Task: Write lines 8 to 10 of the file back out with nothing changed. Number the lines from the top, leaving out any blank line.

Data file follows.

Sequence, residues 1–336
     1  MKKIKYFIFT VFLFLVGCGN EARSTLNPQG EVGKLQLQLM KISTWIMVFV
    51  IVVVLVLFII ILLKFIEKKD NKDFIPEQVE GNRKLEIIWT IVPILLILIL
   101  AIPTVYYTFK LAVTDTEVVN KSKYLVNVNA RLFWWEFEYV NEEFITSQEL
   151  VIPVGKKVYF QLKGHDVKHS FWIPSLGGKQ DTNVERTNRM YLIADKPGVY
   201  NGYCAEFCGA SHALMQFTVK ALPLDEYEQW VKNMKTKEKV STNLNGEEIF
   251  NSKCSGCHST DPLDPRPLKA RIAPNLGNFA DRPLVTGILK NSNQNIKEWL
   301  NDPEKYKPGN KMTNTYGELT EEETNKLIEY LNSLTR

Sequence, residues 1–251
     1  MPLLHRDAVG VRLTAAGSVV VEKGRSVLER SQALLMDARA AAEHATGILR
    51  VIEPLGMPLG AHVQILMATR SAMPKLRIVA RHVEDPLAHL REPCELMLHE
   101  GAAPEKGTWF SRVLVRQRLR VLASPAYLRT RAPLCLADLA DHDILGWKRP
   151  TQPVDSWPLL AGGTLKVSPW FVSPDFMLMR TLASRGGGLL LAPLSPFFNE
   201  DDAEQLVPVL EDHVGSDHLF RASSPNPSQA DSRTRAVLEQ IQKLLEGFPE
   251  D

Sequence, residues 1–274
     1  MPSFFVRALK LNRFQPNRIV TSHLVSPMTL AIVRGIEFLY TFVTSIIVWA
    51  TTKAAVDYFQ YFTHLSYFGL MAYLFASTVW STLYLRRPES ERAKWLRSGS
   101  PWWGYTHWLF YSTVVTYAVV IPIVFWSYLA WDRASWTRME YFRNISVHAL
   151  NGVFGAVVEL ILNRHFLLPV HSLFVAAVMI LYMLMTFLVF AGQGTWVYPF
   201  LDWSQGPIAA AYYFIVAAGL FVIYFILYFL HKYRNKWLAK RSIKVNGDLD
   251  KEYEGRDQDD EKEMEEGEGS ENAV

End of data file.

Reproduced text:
   301  NDPEKYKPGN KMTNTYGELT EEETNKLIEY LNSLTR

Sequence, residues 1–251
     1  MPLLHRDAVG VRLTAAGSVV VEKGRSVLER SQALLMDARA AAEHATGILR